I’ve had seven solar panels on my terraced home in Inchicore (Dublin 8) for two years today. I am incredibly positive about it. The house has generated more electricity than its used over the past two years.

I get a lot of questions about it, so wanted to go through some of the basic info that might be helpful to people considering it, or just interested in knowing more.

The setup

There are seven panels in total on the house: three on the south-facing front roof, and four on the flat roof of the extension (facing east-west). It has a capacity of 2.24kWp.

We don’t have a battery or a diverter to make hot water: it’s just pure electricity, with any excess going to the national grid. There is some equipment in the attic and a new small fusebox by the old one. The inverter connects to WiFi, so you can get live and historical data of how much you’re generating.

I have an old electricity meter, which actually spins backwards when it generates. This gives you a very good deal temporarily, but it will eventually be replaced by the ESB with a smart meter, which will pay you for all electricity you generate and don’t use. Most people who don’t have a smart meter would likely not get any benefit from excess electricity until they get a smart meter.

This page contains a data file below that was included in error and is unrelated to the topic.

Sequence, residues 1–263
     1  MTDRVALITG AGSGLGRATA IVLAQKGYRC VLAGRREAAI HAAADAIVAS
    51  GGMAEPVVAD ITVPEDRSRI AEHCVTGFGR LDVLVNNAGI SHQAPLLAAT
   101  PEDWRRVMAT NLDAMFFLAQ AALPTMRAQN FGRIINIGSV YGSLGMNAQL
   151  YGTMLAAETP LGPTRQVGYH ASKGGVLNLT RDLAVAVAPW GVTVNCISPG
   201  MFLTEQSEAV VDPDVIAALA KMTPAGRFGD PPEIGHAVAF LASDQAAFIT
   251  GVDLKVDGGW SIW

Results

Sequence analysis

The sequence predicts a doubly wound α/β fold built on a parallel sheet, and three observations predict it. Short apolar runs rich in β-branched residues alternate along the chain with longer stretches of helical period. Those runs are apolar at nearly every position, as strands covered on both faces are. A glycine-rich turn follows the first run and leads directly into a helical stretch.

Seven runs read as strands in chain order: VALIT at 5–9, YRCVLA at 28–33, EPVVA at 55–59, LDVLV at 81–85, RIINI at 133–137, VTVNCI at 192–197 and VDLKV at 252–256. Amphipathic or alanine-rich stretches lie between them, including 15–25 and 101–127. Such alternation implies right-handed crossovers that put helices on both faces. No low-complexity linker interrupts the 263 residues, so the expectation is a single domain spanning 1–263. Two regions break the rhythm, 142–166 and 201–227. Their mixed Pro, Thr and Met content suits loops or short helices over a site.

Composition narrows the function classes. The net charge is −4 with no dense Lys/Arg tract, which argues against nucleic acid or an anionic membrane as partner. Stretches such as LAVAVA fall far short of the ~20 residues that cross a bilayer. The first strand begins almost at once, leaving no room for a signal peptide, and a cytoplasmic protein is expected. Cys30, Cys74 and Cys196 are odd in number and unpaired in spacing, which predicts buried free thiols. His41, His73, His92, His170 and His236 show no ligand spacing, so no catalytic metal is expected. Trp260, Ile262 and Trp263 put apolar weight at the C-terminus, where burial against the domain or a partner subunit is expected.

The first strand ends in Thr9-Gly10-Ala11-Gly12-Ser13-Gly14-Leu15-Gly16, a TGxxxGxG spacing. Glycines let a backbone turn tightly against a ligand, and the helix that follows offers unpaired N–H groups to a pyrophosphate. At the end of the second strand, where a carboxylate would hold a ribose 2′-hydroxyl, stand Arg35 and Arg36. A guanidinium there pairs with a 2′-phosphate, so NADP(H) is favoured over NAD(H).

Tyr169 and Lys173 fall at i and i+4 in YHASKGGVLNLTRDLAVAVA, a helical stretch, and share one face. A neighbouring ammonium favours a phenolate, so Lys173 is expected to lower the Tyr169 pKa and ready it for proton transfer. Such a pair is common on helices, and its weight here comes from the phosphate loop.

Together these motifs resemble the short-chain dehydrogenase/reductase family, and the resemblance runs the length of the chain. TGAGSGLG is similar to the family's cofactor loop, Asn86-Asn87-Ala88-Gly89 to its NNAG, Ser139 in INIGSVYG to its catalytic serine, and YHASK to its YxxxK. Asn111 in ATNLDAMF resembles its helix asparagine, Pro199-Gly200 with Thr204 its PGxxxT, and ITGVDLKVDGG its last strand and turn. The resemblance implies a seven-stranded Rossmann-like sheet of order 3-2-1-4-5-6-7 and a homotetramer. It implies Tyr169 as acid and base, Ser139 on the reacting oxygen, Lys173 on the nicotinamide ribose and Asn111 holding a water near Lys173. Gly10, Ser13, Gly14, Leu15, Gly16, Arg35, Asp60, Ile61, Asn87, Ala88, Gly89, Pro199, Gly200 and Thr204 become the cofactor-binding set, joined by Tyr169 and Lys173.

The house went from the equivalent of a D1 BER to a C2.

What it’s generated

In the past two years, the house has used 3,400kWh of electricity. This is well below the national average household consumption, but this time was in part me living by myself, so that’s what you’d expect.

In those same two years, the panels generated 3,452kWh of electricity: slightly more than I used.

The front three south-facing panels made 1,505kWh, while the back four, east-west facing panels made 1,947kWh. You’d normally expect the south-facing ones to perform much better, but the back ones are set up with a different kind of inverter, which is apparently more efficient.

In practice, you generate a lot in summer and very little in winter. Here’s a breakdown of monthly generation of the front panels in 2021:

The costs and savings

The system was installed at the end of June 2021 for €8,113. Grants from the SEAI took €1,800 off that, and the company included a BER assessment, meaning a total cost to me of €6,313.

The exact savings are hard to quantify. Electricity prices are still high at the moment, so multiplying them by the amount generated by my current unit price (3,452 x €0.41), I’ve generated €1,415 of electricity in the first two years.

But this isn’t really how it works for most people. Prices have changes a lot in those two years. To get an accurate figure, instead you’d have to work out how much electricity you’d use (worth 41c per unit) and how much excess you’d generate (worth 21c per unit). It varies so much by household, but it’s estimated that a solar PV system will pay for itself in 5-15 years: faster when electricity prices are high, slower if they’re low.

You’re still liable for the electricity supplier’s standing charges, but there’s pretty much no maintenance/upkeep costs involved in the panels. The panels are rated to keep producing electricity with high efficiency for 25-30 years, after which they’ll still work, but at ever-lower efficiencies.


I had a recommendation for a company called Caldor. I can 100% recommend them. I called them up, an engineer came out to inspect and make a proposal. Once I accepted, it took a few weeks, but a team of guys came out, put up scaffolding, and did all the works over two days (about half a day each).